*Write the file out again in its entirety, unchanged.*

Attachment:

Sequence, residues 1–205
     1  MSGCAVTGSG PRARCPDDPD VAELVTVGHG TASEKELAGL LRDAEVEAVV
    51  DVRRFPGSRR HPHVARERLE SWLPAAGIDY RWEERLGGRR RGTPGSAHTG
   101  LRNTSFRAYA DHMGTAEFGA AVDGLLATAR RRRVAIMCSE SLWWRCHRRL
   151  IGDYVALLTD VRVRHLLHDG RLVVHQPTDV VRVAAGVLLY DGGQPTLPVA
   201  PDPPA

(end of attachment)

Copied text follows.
Sequence, residues 1–205
     1  MSGCAVTGSG PRARCPDDPD VAELVTVGHG TASEKELAGL LRDAEVEAVV
    51  DVRRFPGSRR HPHVARERLE SWLPAAGIDY RWEERLGGRR RGTPGSAHTG
   101  LRNTSFRAYA DHMGTAEFGA AVDGLLATAR RRRVAIMCSE SLWWRCHRRL
   151  IGDYVALLTD VRVRHLLHDG RLVVHQPTDV VRVAAGVLLY DGGQPTLPVA
   201  PDPPA